Jean Auguste Dominique Ingres
- Jean Auguste Dominique Ingres
- Three studies for the figure of Stratonice
- signed Ingres (lower left) and inscribed in various places with notations regarding lighting
- pencil and black chalk, with stumping, on paper
- 39.4 by 28cm
Gallery Paul Rosenberg & Co., New York
John R. Gaines, Louisville, Kentucky (sold: Sotheby's, New York, 18th November 1986, lot 27)
Purchased at the above sale by the late owner
New York, Jan Krugier Gallery, The Presence of Ingres, Important Works by Ingres, Degas, Picasso, Matisse and Balthus, 1988, no. 28
Berlin, Kupferstichkabinett, Staatliche Museen zu Berlin & Preussischer Kulturbesitz, Linie, Licht und Schatten. Meisterzeichnungen und Skulpturen der Sammlung Jan und Marie-Anne Krugier-Poniatowski, 1999, no. 69, illustrated in colour in the catalogue
Venice, Peggy Guggenheim Collection, Solomon R. Guggenheim Foundation, The Timeless Eye. Master Drawings from the Jan and Marie-Anne Krugier-Poniatowski Collection, 1999, no. 81, illustrated in colour in the cataogue
Madrid, Museo Thyssen-Bornemisza, Miradas sin Tiempo. Dibujos, Pinturas y Esculturas de la Coleccion Jan y Marie-Anne Krugier-Poniatowski, 2000, no. 95, illustrated in colour in the catalogue
Paris, Musée Jacquemart-André, La passion du dessin. Collection Jan et Marie-Anne Krugier-Poniatowski, 2002, no. 86, illustrated in colour in the catalogue
Vienna, Albertina Museum, Goya bis Picasso. Meisterwerke der Sammlung Jan Krugier und Marie-Anne Krugier-Poniatowski, 2005, no. 14, illustrated in colour in the catalogue
Munich, Kunsthalle der Hypo-Kulturstiftung, Das Ewige Auge - Von Rembrandt bis Picasso. Meisterwerke der Sammlung Jan Krugier und Marie-Anne Krugier-Poniatowski, 2007, no. 80, illustrated in colour in the catalogue
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From the very outset of his long career, Ingres was clearly strongly drawn to the subject of Antiochus and Stratonice, taken from Plutarch’s Life of Demetrius, the text of which he copied in his Notebook X. With its fashionably classical setting, yet totally contemporary themes of erotic, somewhat oedipal desires, political intrigue and generational conflict, the story was ideally suited to the cultural milieu of the time, and Ingres’ teacher, Jacques-Louis David, chose it for the painting with which he won the Prix de Rome in 1774. Plutarch’s text also provided the basis for Méhul’s ‘comédie héroïque,' Stratonice, which premiered in May 1792, and was revived regularly under the Empire. Ingres is known to have owned a copy of the script of this production, and even before his departure for Rome, he made two drawings of the subject. Established in Rome, Ingres announced in January 1807 that he would make a painting representing the story of Stratonice, but the appearance of this work is unknown, as the painting disappeared following the sale of the artist’s effects after his death in 1867. It is generally thought, though, that it followed the composition of a drawing in the Louvre (RF 1440). Two other early drawings of the subject survive, in Montauban and Boulogne, but Ingres’ next major exploration of the theme came only in 1834, when the Duc d’Orléans commissioned him to paint the subject, as a pendant to Delaroche’s painting, The Death of General Guise. Presumably in connection with this commission, Ingres painted the unfinished oil sketch now in Cleveland, in which we see for the first time the distinctive pose of Stratonice that the artist explores in the Krugier-Poniatowski drawing. This composition was then developed into the more complex and elaborate final painting, delivered to the Duc d’Orléans in 1840, and now in Chantilly (fig. 1). This was not, though, the end of the artist’s interest in this evocative subject. In 1858-60 he made a revised version of the earlier, simpler Cleveland sketch, executing a painting in oil on paper, which in 1983 was in a Philadelphia collection. Finally, Ingres made a reversed variant of the Chantilly painting, executed in a complex combination of oil, graphite and watercolour on paper laid down on canvas, a work, now in the Musée Fabre, Montpellier, which is dated 1866, just one year before the artist’s death.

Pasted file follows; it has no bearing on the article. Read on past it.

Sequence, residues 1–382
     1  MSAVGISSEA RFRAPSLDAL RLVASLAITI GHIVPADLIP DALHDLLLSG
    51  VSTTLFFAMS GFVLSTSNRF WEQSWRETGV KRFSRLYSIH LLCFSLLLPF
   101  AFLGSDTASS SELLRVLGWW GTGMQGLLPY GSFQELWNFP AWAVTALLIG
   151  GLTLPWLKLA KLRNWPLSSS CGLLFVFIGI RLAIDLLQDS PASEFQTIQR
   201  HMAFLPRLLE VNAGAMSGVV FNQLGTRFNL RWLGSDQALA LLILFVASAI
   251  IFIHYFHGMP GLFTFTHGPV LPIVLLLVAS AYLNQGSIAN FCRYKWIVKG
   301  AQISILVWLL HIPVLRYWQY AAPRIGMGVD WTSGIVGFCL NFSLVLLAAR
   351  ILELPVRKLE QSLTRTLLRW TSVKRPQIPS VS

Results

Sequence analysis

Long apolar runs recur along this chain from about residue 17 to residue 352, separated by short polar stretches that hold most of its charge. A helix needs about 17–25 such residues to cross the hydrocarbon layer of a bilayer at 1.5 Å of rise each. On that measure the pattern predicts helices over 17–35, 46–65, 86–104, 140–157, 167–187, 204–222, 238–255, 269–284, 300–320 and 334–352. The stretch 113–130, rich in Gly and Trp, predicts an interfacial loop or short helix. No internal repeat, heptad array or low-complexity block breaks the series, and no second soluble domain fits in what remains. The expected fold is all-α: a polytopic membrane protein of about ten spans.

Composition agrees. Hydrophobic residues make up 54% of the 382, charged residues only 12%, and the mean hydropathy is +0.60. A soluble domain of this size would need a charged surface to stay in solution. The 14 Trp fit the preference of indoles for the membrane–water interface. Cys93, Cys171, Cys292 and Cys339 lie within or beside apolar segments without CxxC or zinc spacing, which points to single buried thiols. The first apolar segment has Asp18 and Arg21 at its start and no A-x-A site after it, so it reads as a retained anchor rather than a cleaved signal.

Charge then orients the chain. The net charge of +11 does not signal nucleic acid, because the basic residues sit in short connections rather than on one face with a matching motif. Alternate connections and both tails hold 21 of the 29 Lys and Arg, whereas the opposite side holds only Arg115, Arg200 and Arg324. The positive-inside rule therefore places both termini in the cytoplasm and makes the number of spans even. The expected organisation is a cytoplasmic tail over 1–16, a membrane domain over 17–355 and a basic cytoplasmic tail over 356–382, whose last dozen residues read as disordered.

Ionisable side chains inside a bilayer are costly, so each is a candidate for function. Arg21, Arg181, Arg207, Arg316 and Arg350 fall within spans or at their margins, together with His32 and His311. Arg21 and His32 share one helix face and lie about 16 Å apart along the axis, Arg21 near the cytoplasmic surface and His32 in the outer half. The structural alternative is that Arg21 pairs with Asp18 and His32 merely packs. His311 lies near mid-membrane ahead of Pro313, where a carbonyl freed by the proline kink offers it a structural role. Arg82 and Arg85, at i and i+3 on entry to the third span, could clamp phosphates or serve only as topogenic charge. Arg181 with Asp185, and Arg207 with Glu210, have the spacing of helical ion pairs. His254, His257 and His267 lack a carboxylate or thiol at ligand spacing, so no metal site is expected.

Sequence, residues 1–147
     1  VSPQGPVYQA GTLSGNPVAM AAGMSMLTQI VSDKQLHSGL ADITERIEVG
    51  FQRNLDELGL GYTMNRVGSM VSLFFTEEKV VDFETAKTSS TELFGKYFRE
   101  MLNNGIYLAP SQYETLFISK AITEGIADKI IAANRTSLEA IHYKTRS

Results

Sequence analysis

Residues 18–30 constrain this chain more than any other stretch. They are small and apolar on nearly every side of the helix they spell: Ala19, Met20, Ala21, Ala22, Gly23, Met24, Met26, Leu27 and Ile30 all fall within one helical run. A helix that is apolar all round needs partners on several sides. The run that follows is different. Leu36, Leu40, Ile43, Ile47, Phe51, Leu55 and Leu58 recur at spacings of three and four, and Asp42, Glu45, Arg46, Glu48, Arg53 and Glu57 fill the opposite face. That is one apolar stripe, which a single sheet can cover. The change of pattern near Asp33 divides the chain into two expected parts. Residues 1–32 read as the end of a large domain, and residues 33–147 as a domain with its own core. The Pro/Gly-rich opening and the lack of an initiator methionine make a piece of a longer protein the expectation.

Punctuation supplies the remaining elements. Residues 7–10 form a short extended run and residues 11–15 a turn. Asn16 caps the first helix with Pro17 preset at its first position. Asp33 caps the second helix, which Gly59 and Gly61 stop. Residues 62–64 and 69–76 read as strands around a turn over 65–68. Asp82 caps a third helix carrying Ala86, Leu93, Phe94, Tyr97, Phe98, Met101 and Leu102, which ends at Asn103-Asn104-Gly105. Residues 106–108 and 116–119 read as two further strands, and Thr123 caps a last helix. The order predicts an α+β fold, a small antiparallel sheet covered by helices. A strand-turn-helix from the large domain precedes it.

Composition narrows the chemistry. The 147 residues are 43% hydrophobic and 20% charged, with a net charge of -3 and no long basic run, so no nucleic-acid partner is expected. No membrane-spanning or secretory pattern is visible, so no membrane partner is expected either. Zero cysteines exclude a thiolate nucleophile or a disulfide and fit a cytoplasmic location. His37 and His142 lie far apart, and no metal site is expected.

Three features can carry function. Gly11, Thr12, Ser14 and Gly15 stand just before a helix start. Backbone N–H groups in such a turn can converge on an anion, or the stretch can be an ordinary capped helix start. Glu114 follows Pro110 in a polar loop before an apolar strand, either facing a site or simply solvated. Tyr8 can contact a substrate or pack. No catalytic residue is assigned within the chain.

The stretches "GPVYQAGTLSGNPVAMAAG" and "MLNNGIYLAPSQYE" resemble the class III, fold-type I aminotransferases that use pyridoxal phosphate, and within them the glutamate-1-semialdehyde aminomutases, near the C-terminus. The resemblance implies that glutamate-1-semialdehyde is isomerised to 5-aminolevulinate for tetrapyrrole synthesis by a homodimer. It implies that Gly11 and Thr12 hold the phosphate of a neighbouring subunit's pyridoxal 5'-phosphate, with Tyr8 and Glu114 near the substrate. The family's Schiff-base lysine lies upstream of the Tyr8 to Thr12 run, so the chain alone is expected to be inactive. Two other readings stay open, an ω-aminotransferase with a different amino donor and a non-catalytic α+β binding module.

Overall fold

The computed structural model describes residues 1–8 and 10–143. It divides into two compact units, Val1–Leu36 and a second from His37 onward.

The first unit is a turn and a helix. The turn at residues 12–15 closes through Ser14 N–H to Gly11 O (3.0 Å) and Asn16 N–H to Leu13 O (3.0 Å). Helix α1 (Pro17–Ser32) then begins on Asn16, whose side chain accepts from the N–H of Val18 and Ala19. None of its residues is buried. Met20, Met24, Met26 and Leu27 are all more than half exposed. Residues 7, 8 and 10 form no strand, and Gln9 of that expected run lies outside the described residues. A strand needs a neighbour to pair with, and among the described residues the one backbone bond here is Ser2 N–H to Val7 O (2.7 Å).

Given that Ingres was an artist who drew constantly throughout his career, and that he explored the subject of Antiochus and Stratonice a number of times over a period of almost 70 years, it is not, perhaps, surprising that there are many surviving drawings relating to his various versions of the subject. The great corpus of Ingres drawings in Montauban contains no fewer than 115 such studies (Vigne, 1995, nos. 37-151), and others are also to be found in various collections around the world. One that deserves particular mention, though, in relation to the Krugier-Poniatowski drawing is a fine sheet in the Metropolitan Museum of Art, New York (inv. 63:66), which is a drapery study for the figure of Stratonice, showing her in more or less exactly the same pose as in the present drawing, but fully clothed (fig. 2). The comparison of the two drawings highlights the way that Ingres, in any drawing, focussed almost clinically on certain aspects of the subject in hand. In the New York drawing of Stratonice the figure’s features and emotions hardly exist, and the focus is entirely on the rendering of the forms and lighting of the drapery – treated with utter brilliance, but without any attempt to address the emotional aspects of the subject. In the Krugier drawing, by contrast, the twin foci are the pathos of the story, and the physical beauty of the protagonist, Stratonice. When a prodigiously gifted draughtsman like Ingres turns his attentions to those aspects of a subject, it is not surprising that the resultant drawing is one of the most moving and beautiful that he ever made.